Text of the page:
I began by asking Smith what he believes to be unique about himself that would make him a valuable resource to the department. “I'm a working actor. With that comes my experience and observations of what is currently being asked of Actors in the rehearsal, in the auditions, and in the business. It's now!...  I've also been an ongoing reader for auditions with PTC, and Salt Lake Acting Company so I'm in the room with the Directors, Producers, and auctioneers and have a unique perspective and what's working and what's not. An insider view to the auditioning process. Another unique thing is that I'm creating original devised work with Flying Bobcat, my company. This adds another element to our profession and sharing those insights to help Actors find a way to create their own work.” So far Smith has made a good case for himself in the department. There is still one aspect that needs to be explored. The students and his work with them so far.

One of the most important things about a theatre teacher is their approach to the craft. I believe that Smith has just the kind of approach that most students would appreciate. “Just say YES! I'm focused on helping a student actor find a way in…” This style is particularly helpful to beginners and veterans of the theatre alike, allowing openness and expression without the need to “perform.” Speaking of students, I asked Smith what his experience with the student body has been like so far. “It's been a wonderful experience working with my current students because they want to be there and are willing to say yes. Without that commitment then I have nothing to offer them in return. We've been focused on being present and not 'performing' (putting on a voice) and using music as a vehicle to find a way in first. Then moving on to found text and focusing in how to play an objective, and making sure we are playing clear tactics.” The positive response to Smith has been practically unanimous from students in the department as well, saying that he is a relaxed, but knowledgable and interesting professor. So, everyone give a big welcome to Robert “Scott” Smith. A welcome and appreciated mentor to the students of Weber State’s Theatre department.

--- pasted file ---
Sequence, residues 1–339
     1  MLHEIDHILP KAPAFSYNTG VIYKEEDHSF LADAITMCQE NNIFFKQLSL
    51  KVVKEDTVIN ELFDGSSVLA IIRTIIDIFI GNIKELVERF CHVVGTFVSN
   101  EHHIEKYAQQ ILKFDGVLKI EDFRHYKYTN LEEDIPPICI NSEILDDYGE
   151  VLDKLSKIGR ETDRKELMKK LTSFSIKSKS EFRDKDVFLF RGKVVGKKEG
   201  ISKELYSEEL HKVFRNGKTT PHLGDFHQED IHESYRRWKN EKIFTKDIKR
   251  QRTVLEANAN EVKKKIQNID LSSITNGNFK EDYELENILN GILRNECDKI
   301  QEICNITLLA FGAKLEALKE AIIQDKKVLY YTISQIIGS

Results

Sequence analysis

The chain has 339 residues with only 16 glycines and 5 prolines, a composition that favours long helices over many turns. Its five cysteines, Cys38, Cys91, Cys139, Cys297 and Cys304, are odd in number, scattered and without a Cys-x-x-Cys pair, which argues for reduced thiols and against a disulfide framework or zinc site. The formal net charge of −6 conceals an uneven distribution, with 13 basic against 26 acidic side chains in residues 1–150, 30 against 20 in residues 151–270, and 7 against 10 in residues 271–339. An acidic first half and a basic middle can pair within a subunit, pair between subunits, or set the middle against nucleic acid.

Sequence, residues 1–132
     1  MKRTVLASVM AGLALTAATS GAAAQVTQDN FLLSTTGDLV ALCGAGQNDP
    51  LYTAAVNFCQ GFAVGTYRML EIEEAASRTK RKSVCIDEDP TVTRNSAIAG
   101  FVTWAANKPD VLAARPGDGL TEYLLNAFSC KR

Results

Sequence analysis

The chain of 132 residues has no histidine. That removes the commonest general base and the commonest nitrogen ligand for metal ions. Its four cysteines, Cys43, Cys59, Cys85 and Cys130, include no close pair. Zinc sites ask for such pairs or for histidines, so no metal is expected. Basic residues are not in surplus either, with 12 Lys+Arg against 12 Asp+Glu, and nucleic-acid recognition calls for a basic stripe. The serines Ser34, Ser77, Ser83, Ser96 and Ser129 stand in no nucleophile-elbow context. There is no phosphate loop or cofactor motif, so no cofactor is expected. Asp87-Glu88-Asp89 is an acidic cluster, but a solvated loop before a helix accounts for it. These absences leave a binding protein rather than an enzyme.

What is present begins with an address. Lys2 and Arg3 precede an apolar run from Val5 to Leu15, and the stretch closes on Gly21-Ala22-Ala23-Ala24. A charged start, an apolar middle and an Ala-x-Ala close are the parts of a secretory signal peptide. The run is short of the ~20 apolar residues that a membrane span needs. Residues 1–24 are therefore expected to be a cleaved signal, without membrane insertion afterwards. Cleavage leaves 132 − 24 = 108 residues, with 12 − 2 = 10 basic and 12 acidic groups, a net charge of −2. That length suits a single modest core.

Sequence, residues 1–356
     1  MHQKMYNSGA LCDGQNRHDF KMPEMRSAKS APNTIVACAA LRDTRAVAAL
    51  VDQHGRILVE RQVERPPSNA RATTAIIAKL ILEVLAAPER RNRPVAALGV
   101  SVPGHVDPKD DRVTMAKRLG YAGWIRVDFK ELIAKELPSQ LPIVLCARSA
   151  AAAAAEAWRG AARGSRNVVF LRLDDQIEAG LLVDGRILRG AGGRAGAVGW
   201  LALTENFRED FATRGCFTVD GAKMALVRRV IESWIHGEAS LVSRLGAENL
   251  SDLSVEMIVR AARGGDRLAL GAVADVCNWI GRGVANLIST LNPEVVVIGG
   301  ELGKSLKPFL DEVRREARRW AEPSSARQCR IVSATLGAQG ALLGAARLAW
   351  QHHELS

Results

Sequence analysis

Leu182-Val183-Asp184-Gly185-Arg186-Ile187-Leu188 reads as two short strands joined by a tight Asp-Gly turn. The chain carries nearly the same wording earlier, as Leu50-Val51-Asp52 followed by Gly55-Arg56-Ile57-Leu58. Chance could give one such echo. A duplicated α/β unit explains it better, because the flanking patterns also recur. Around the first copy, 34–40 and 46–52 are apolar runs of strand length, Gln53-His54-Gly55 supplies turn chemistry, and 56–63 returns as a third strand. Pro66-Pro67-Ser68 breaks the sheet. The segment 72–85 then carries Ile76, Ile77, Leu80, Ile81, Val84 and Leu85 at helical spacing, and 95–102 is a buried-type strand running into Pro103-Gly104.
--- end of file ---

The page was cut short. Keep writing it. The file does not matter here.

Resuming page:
Week of January 25

"35MM: A Musical Exhibition"

While all of the other students were off this winter enjoying their break one cast was working through the whole thing.  The musical  “35MM”, directed by Mandie Harris with musical direction by Kyle Lawrence, is a unique musical that has no plot whatsoever, but is meant to reflect the captured moments of life. These moments range from the dark and dangerous to the light and happy. The show features musical numbers that range from solos and duets to a complex Latin chant with complex harmonies.

“35MM” is this year's second AAT show. This means that these shows were produced almost entirely by students with guidance from their professors. That means that the set, the lighting and all other aspects of the show were designed and put together by the student designers. This show is a wonderful example of the skill and resourcefulness of the Weber State theatre students. The show will be housed in the Eccles Theatre from February 2nd to the 6th.

Just to give you a better idea of what “35MM” is about we have an interview from Mandie Harris, the director of the show and Kyle Lawrence the show’s musical director.

        What would you say makes “35MM” unique?